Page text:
A dream for Nicholas

A trip to the local playground to enjoy some outdoor activity and playtime is a normal activity for many families with young children.
But for children with physical disabilities, a trip to the playground can be a frustrating one, both for them and their parents.
For Nikki Wiedenhoeft, her husband Chris and their three children, their regular visits to the Lions Park cause mixed emotions.
To daughter Callahan, four, the park is an exciting place where she can exercise both her body and her imagination. But her older brother Nicholas cannot join her on the jungle gym or the swings.
Nicholas, 11, suffers from cerebral palsy and as a result is wheelchair-bound. While Callahan climbs and slides, he sits nearby in his wheelchair.
“Chris and I take turns. One of us will sit with Nicholas and the other will stay with Callahan,” Nikki explained.
Nicholas’ inability to participate in the play is sometimes perplexing for Callahan, who will often throw pennies in fountains, wishing her brother could run and play like she does.
When Nicholas was younger, his parents could simply lift him out of his wheelchair. Wiedenhoeft described swinging with little Nicholas on her lap.
“To hold him on a swing now, it’s just not feasible,” she noted.
Because Nicholas is also blind, motion is one of the main ways to stimulate his senses.
“Motion is so important to him because he can’t see,” his mother explained. “Motion and music.”
She described rocking and lifting him in the air when he was younger.
“Even as a baby, it would just light up his face. It’s what gives him quality of life,” she said.
“For eight years now, the park has been a heartbreaking place,” she added. “It’s frustrating and it’s sad.”
This is why the family is hoping a new piece of equipment for wheelchair users can be installed in the Lions Park this summer.
The local sorority, Beta Sigma Phi, Alpha Upsilon chapter, has been fundraising for a “Sway Fun” for nearly three years, yet have only half the money they need for the equipment.
A Sway Fun, produced by Landscape Structures in Minnesota, is a large glider that moves back and forth with the momentum of the people sitting inside. It will hold two wheelchairs, as well as several other people.
“It can fit up to a dozen people at a time,” Wiedenhoeft noted. She especially likes the fact it allows people with different levels of ability to swing together.
“It’s meant to integrate, and that’s the key point,” she said.
Children with physical disabilities are often segregated from children their own age due to their limitations. The Sway Fun would allow them to play together without barriers.
Other children who are wheelchair-bound can sometimes be lifted out of their chairs and placed in a regular swing, but it is not an ideal situation.
“To them, it’s like leaving their legs behind,” Wiedenhoeft noted, adding it can also be humiliating.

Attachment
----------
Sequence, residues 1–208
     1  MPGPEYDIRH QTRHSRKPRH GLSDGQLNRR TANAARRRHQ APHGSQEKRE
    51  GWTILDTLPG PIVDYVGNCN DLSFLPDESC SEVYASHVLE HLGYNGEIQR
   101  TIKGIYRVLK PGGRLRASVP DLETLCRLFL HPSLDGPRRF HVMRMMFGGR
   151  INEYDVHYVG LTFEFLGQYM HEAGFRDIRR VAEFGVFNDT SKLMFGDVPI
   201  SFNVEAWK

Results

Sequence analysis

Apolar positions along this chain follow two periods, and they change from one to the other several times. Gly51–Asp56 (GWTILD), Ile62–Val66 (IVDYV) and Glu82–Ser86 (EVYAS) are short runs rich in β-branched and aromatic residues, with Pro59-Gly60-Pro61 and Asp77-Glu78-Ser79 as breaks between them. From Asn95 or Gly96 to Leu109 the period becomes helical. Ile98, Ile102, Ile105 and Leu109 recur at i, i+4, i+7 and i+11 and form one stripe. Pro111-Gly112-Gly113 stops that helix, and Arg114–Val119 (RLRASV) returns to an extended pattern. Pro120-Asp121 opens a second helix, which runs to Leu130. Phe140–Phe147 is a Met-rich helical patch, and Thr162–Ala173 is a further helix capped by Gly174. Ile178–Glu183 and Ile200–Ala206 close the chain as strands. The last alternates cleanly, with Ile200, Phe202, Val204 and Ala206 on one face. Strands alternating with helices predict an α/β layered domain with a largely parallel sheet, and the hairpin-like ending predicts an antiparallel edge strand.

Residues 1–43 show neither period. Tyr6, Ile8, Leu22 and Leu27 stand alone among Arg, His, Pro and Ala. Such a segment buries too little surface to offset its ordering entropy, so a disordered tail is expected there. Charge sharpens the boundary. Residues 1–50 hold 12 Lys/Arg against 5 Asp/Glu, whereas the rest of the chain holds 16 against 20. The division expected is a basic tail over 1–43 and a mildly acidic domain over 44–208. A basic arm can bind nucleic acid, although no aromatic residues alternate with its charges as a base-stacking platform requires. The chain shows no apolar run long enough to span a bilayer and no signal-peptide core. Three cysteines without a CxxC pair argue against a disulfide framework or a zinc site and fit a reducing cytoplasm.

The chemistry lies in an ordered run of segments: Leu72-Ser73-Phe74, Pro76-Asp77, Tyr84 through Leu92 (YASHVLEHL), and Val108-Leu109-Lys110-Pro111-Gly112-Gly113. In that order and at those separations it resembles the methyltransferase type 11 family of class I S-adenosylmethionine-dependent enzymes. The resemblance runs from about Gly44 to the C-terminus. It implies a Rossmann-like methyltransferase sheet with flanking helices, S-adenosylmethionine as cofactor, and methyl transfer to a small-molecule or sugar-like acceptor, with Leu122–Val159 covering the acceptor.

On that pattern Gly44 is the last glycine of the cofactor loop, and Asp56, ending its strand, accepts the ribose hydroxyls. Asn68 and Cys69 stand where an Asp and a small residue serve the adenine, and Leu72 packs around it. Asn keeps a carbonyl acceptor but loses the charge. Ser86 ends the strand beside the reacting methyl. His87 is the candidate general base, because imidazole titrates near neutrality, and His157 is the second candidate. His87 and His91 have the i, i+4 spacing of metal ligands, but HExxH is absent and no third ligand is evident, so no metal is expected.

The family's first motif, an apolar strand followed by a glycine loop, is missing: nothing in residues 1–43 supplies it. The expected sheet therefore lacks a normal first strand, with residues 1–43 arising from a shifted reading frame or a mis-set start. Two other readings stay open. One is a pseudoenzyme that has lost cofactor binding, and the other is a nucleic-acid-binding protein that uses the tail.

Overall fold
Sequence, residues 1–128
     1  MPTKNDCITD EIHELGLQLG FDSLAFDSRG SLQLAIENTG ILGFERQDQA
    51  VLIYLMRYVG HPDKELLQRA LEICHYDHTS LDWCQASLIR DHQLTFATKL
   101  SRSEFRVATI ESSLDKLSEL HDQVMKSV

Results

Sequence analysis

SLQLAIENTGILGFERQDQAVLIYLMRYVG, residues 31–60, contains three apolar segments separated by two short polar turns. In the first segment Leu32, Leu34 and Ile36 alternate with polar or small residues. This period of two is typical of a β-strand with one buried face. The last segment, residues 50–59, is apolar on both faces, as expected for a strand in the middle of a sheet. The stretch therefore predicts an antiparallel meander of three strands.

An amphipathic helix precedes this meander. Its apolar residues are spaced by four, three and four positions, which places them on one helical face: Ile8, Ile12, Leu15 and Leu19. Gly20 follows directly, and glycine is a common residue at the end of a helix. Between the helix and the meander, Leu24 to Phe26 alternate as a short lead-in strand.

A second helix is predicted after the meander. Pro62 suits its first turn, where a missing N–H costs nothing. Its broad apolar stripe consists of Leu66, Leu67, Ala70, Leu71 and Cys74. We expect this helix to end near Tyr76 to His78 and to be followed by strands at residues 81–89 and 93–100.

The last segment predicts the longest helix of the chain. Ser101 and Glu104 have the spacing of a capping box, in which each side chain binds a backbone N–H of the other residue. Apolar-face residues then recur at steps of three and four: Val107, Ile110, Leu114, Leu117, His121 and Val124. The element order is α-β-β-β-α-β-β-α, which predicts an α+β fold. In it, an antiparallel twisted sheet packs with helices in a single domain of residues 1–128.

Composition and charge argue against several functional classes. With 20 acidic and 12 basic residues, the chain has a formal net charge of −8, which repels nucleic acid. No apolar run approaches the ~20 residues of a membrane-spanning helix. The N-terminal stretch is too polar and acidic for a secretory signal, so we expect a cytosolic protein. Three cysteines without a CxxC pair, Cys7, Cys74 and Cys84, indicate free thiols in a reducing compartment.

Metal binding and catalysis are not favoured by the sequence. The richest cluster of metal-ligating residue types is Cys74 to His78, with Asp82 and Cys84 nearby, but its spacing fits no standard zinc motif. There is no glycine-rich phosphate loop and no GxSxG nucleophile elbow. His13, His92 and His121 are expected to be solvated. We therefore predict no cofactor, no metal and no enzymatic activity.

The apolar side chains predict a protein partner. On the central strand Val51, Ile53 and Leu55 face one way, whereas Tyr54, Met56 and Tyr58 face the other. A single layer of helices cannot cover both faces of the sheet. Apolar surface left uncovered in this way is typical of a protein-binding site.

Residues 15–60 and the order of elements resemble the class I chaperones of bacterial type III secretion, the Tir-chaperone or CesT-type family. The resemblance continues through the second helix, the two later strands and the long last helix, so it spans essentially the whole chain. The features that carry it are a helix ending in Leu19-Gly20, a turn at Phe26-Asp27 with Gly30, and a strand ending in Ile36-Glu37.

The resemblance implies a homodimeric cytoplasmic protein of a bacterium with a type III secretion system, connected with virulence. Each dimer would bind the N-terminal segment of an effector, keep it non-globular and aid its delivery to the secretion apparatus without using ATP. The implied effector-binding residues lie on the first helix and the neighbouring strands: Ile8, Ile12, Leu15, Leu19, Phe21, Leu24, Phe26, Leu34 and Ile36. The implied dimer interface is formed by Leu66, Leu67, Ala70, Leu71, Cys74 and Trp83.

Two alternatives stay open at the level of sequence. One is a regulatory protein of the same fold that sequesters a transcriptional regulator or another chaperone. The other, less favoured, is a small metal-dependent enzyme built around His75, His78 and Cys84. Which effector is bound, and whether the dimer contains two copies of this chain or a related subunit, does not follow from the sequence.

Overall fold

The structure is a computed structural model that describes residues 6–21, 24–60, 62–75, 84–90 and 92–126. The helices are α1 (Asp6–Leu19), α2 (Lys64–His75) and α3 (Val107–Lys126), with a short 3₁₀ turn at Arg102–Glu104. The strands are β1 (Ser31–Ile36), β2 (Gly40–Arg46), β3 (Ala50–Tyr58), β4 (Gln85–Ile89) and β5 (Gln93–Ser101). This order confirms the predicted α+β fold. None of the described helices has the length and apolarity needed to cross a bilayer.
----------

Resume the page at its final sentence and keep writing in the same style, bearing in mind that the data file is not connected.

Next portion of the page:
A wheelchair-accessible glider would mean they could retain their independence and mobility.
“It’s for all ages and abilities. It’s not just a handful of kids. You’re talking about a lot of people,” she said, noting seniors and other adults with mobility problems could benefit.
“This is a big deal,” she added. “It socializes, it provides fun, and it’s safe.”
According to the Landscape Structures web site, the Sway Fun is “the first wheelchair-accessible glider swing that meets all safety standards.”
“We would like it to be in the ground this year,” noted Helena Guertin, president of the Alpha Upsilon chapter.
The total cost of the unit is $15,000. So far, the sorority has raised about $7,800.
George Armstrong has agreed to donate any needed cement, gravel, and sand for the project.
In addition to the upcoming Beach Baby contest, the chapter is considering having additional fundraisers in the next few months to raise the remaining funds, like a tag day or a raffle.
The sorority is also applying for a Trillium grant.
“We definitely want it to happen this year,” Wiedenhoeft said, noting it’s also an opportunity for the town to take the lead in Northwestern Ontario.
“I think it will set the tone and set the stage. Fort Frances could be the leader. It will be such a great example,” she said. Playgrounds for children of all abilities are becoming increasingly common in the United States, she added.
Meanwhile, Callahan continues to make wishes for her brother.
“You mean our WHOLE family can go on it with Nicholas?” she asked incredulously when her mother described the glider to her.
“I asked her what she thought Nicholas would think of this when he goes on it and she said, ‘He will laugh and it will tickle his tummy, actually!’” Wiedenhoeft said.
With a little luck, her dreams for Nicholas may yet come true.

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